Ever wondered how much time you waste being advertised to during a normal baseball game? During a Channel 4SD broadcast between the San Diego Padres and St. Louis Cardinals on May 20th, 2008 I decided to find out.
The game of baseball has changed a lot over the years. Technological advancements, most recently those of the Internet age, have changed the rules of interaction between the entertainer and the entertainee.
The fears of broadcasters that were envisioned when home videotaping was declared legal, are finally coming to pass. People are watching fewer commercials and baseball is no exception. Yeah no shit Melvin, enough with the overly dramatic intro. Get to the point.
Wait, did I say that or just think it?
The point, jerk, is that Channel 4 San Diego, the Cox Communications owned cable channel that broadcasts the Padres, has to find a way to turn a profit in this difficult landscape. Their response, has been to increase sponsored broadcast time during Padres games in addition to standard commercial breaks.
The San Diego Padres, in conjunction with the City of San Diego own and operate Petco Park. To boost revenues, the small market team sells advertising signage in a multitude of sizes and locations throughout the ballpark. This of course, though the sign density has varied in ballparks throughout history, is not news. What is news, is that new signs are still popping up, they even hinder fan views of the game. (Hat tip Gaslamp Ball)
How much does that add up?
Lots of new information about the nature of baseball was discovered over the last decade or so. We learned most of it by taking a new approach, using evidence and data to support theories. My intent is to apply this principal to another aspect of the baseball fan experience. Instead of simply estimating, I want to know exactly how much time we spend being marketed to while watching a San Diego Padres broadcast.
My plan is to accurately measure both normal commercials and in-game advertising. To do this, I used two watches and measured each category separately. I hope you’re envisioning this beautiful image of me sitting in front of both a TV and computer, taking notes, and intensely operating not one but two stop watches. If only my high school crush could see me now. Lucky for my pride it was only a Tuesday night.
The first stop watch was the easy one. It kept track of time during every commercial break, of both the national and local variety.
The second watch was the doozie. It ran during every second that a viewer saw or heard any type of paid marketing message, not including normal commercials. This also did not include in house MLB or Padres messages. Though those types of messages were included if they were corporate sponsored messages, which was usually the case.
The study includes any shilling from Mud for his various spokesdeals, though it deserves mention that play-by-play was called by Steve Quis on this particular broadcast. The guys in this game kept the paid lauding to a minimum.
In addition, any time a stadium sign ad was clearly readable, time was kept. This constituted behind the plate ads seen from the center-field camera angle, and ads in the dugout. I watched on an older 19” standard def television, from about 8 feet away. It’s safe to say that this setup, a bastion of bleeding edge television technology, didn’t offer any unfair viewing advantage.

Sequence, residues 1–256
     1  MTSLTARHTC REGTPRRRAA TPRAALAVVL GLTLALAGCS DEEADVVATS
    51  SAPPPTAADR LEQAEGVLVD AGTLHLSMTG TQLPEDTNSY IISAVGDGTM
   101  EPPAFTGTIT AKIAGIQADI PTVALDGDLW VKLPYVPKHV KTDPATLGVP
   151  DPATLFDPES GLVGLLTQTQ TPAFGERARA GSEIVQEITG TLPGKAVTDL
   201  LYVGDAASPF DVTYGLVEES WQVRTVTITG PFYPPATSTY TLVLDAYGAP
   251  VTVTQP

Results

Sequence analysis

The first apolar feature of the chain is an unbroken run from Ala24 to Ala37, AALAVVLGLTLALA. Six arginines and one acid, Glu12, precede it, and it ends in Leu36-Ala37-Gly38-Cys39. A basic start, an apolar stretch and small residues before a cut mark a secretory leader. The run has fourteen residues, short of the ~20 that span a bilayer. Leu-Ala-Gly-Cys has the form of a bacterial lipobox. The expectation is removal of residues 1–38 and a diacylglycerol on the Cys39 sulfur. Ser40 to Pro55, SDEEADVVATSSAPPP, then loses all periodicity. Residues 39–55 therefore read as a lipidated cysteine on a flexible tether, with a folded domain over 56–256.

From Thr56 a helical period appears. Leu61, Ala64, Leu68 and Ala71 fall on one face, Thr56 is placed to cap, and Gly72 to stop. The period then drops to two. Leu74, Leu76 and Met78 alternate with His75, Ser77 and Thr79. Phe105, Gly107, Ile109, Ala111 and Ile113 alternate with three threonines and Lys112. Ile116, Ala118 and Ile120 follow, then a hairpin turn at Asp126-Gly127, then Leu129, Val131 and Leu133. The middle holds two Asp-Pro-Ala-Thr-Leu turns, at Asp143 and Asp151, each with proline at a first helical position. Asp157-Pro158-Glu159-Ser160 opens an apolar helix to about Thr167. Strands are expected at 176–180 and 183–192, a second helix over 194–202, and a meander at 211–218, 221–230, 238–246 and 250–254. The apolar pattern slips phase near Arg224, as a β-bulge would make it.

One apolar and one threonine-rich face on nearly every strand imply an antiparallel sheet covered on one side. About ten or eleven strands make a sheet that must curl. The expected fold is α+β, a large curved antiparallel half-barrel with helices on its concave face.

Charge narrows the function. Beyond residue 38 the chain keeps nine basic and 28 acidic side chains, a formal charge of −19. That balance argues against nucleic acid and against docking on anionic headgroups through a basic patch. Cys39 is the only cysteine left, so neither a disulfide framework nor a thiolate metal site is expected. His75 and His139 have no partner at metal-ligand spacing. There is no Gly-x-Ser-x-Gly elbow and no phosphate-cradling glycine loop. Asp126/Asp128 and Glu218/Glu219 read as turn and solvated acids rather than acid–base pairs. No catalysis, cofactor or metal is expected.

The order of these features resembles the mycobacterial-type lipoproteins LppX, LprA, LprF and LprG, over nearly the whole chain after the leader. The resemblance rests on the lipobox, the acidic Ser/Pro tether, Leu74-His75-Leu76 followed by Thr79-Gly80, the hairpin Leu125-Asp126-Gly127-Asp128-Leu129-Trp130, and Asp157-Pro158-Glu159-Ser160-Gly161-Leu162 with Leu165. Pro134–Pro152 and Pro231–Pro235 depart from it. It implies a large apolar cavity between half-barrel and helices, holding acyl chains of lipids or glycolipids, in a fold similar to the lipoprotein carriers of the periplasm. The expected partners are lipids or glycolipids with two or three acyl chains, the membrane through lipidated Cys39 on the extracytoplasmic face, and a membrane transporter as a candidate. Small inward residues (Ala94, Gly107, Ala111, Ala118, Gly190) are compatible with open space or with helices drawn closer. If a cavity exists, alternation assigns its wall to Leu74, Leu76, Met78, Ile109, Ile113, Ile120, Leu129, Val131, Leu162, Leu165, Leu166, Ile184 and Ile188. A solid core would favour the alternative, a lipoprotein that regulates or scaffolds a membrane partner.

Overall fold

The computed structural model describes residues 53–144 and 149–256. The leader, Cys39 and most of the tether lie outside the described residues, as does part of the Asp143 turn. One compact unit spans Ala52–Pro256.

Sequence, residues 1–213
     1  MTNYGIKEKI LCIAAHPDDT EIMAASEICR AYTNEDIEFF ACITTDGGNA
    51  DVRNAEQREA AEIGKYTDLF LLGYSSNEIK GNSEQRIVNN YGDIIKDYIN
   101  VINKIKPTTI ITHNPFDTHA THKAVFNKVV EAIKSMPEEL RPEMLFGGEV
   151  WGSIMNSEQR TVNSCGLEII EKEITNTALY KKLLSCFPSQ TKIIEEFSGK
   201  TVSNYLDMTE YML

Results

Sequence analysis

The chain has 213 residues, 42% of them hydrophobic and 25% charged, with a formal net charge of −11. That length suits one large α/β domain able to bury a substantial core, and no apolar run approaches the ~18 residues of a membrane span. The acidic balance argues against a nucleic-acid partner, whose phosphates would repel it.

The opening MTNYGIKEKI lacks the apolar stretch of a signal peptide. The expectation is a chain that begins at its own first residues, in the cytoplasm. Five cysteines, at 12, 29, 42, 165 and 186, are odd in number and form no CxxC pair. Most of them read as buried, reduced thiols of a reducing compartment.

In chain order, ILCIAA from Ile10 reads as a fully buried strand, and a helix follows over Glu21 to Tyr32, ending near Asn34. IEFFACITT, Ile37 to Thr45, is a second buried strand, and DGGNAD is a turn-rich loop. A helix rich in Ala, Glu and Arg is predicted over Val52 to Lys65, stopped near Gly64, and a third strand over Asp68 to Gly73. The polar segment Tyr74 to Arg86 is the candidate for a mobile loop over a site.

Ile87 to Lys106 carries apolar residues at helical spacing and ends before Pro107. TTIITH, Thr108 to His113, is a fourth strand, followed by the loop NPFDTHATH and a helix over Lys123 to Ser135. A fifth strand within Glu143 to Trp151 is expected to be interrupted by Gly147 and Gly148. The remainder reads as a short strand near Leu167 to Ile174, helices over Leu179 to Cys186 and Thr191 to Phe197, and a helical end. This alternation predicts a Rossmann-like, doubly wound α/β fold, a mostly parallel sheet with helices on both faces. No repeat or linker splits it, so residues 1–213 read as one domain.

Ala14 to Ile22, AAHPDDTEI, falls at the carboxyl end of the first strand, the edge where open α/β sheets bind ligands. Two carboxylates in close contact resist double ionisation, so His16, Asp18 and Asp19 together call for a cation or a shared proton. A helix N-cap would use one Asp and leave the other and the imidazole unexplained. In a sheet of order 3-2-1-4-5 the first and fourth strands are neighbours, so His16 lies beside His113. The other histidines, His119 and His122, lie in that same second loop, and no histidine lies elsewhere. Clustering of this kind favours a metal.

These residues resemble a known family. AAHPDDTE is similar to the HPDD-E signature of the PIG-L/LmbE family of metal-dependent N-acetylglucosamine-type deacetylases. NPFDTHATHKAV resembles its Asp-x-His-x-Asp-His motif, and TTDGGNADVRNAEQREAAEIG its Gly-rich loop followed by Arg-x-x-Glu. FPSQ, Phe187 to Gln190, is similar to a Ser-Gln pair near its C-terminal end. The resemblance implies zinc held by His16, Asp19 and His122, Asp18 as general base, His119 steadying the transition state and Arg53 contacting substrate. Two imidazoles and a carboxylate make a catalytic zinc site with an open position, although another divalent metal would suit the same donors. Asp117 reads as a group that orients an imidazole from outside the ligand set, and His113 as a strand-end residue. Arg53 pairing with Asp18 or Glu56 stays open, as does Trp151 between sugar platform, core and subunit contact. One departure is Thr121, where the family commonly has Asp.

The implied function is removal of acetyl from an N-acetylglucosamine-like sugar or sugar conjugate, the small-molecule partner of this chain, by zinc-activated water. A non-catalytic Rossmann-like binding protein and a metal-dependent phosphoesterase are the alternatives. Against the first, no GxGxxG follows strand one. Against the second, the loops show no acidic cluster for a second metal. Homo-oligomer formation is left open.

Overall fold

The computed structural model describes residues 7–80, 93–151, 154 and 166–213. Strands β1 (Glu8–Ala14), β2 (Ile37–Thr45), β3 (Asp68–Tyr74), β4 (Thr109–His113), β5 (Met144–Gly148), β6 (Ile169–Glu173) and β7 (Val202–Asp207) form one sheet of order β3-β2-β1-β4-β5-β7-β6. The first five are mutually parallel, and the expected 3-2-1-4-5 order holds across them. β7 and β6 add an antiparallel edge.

Here’s a list of the various sponsored baseball happenings, brought to you by this or named after that through Cox Channel 4. I’ll leave out the names of the corporate sponsors, though any semi-regular watcher could probably rattle them off quicker than names of family members. Most of them appeared more than once throughout the broadcast.
- SAP telecast
- defensive alignments for both teams
- lineups for both teams
- “mlb comparisson” stat board
- trivia question
- bottom of the screen out of town scoreboard
- all middle of the inning pitching changes, plus select new inning pitching changes
- “major league leaders” stat board
- the box score
- beyond the box score
- postgame show
- pregame show
- pitch tracker
- various incarnations of replays
Moving on to the meat, the total game time was 144 minutes. Of that, the regular commercials lasted 28 minutes and 30 seconds. The total in game advertisement time including all shilling and visible stadium ads came to 33 minutes and 55 seconds. This means that both categories of product hawking during the broadcast took up a grand total of 62 minutes and 25 seconds, roughly 44% of total game time (there is a small amount of round off error in the chart).
What does Melly Mel think?
If it isn’t clear from my tone, I’m not all that into advertising. That said, it doesn’t take a Joe Morgan intern to glance at the sidebar on the right and notice that even the great Sac Bunt sells advertising space. The big deal to me is that while broadcasters are working to compensate for viewers watching fewer commercials by selling airtime during games, they still show as many commercials as ever.
It’s a long slow process, I know. But I think the graph above demonstrates that shit’s getting a bit excessive. It needs fixin. As more in game advertising increases, lets spend less time dilly daddling around with the same old crap in between innings.
Whatever changes happen, they have to start with the fans. If the powers at be think we’re ok with it, they’ll pile it on til the cows come home. This goal of this article is to draw attention to what is happening, and encourage people to speak their mind about it. For all I know, people might be ok with the clutter. But considering the reaction to the above mentioned Spider Man movie debacle, I don’t think this is the case. That’s why we should talk about it.